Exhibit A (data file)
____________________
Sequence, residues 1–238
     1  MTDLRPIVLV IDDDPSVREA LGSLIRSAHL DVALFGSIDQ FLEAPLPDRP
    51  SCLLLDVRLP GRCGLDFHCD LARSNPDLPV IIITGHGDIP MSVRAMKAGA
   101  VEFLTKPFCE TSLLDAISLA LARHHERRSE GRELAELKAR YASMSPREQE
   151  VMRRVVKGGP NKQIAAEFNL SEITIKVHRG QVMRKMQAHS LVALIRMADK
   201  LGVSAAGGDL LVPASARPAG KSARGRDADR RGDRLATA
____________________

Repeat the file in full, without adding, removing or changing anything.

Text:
Sequence, residues 1–238
     1  MTDLRPIVLV IDDDPSVREA LGSLIRSAHL DVALFGSIDQ FLEAPLPDRP
    51  SCLLLDVRLP GRCGLDFHCD LARSNPDLPV IIITGHGDIP MSVRAMKAGA
   101  VEFLTKPFCE TSLLDAISLA LARHHERRSE GRELAELKAR YASMSPREQE
   151  VMRRVVKGGP NKQIAAEFNL SEITIKVHRG QVMRKMQAHS LVALIRMADK
   201  LGVSAAGGDL LVPASARPAG KSARGRDADR RGDRLATA